mpollock July 9th, 2009
Over the past few days, Todd has been helping Yexary map a gabbro body in Skagastrond. They were highly productive and finished mapping today! Meanwhile, Adam, Rob, and Meagen are still on the wild rhyolite chase. Yesterday, we found rhyolite in a stream cut near Skagastrond, just where the map said it would be.
Adam and Rob getting their feet wet in a stream near Skagastrond that Meagen refused to cross.
Today, we climbed Langadalsfjall in search for rhyolite that was mapped near the very top. On the way up, we found lots of dikes intruding the sheet flows. The exposures were so great that we couldn’t help but sample.
Dikes intruding lavas - Adam for scale.
We finally made it to the spot where the rhyolite should be only to find piles of rhyolite talus, grassy meadows, and white tuff. Despite our disappointment, we sampled the talus and enjoyed the awesome view.
Rob and Adam at the top of Langadalsfjall.
Unfortunately, we have a casualty to report. Rob thinks that Langadalsfjall is only big enough for one, so he tried to kill Adam in a rock avalanche and throw Meagen off a cliff. Thankfully, Adam and Meagen survived to see another day, but Meagen’s boots didn’t.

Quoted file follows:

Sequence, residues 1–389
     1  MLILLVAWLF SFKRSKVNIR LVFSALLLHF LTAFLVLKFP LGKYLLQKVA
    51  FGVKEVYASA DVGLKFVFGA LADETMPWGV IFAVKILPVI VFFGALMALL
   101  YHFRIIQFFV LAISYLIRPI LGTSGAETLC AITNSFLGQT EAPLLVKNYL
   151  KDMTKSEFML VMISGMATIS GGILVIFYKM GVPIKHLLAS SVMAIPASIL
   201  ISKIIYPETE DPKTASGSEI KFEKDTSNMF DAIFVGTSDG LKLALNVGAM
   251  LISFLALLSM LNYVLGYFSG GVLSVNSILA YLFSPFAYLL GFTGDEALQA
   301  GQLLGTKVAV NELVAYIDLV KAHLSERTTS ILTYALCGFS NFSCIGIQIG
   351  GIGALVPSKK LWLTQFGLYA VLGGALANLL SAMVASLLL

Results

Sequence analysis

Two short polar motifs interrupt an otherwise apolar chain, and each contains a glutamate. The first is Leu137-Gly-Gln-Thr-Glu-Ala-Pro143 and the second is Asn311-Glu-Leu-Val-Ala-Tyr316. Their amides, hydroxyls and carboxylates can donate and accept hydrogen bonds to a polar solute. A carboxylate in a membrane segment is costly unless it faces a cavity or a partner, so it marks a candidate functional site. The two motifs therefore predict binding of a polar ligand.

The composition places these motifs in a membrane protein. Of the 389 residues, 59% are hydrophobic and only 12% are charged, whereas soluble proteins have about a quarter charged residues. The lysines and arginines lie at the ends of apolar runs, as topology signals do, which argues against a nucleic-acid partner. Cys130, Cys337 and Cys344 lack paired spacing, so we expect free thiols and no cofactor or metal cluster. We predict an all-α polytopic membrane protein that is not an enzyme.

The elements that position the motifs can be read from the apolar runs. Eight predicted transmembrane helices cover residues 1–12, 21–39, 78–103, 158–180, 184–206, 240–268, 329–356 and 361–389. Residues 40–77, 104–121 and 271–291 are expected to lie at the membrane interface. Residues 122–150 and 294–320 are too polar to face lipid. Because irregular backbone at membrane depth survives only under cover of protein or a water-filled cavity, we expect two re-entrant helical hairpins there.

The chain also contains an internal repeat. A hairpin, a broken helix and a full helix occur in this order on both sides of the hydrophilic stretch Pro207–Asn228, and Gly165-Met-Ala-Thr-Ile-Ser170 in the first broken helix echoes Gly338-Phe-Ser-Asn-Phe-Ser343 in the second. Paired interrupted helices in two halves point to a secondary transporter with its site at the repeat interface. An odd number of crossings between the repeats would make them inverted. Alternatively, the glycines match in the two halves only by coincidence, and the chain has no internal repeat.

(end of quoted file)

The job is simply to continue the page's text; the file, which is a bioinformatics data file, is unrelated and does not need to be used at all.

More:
Part of Meagen's boot didn't make it back to base camp today.
Mark Wilson July 9th, 2009
TALLINN, ESTONIA–Scientific museums preserve specimens and information from generations of researchers, collectors and students. The interiors of a typical paleontological museum contains windowless rooms filled almost to the ceiling with cabinets, each with dozens of drawers containing carefully labeled and cataloged specimens. Because information grows rapidly in science, the most important information on those labels is not the identity of the fossils but where they were found. The names and even systematic categories often change over the years as we learn new characteristics of particular groups, but the location information will always be critical for the value of the specimen for future researchers.
Today we visited the Institute of Geology at the Tallinn University of Technology. We were hosted by Dr. Helje Pärnaste, a paleontologist who specializes in Ordovician trilobites. She generously spent the day with us going through the collections. Using one of the best electronic cataloging systems we have ever seen, she was able to take us to drawers containing specimens from our study localities. We were able to add to our faunal lists and see better preserved fossils which will help in our future identifications. We concentrated on crinoids, of course, and were able to calibrate what we found which was truly new and see many other examples.
The Estonia Geology Research crew examining specimens in the Institute of Geology collections (left); a typical museum drawer (right).
Much of our work involves finding specimens from our study locations and making quick and simple photographs for later reference.
Again another scientific colleague we did not know before this trip helped us immensely and has become a friend. It is a remarkable universal fellowship. I hope we are able to return many such favors back in the United States.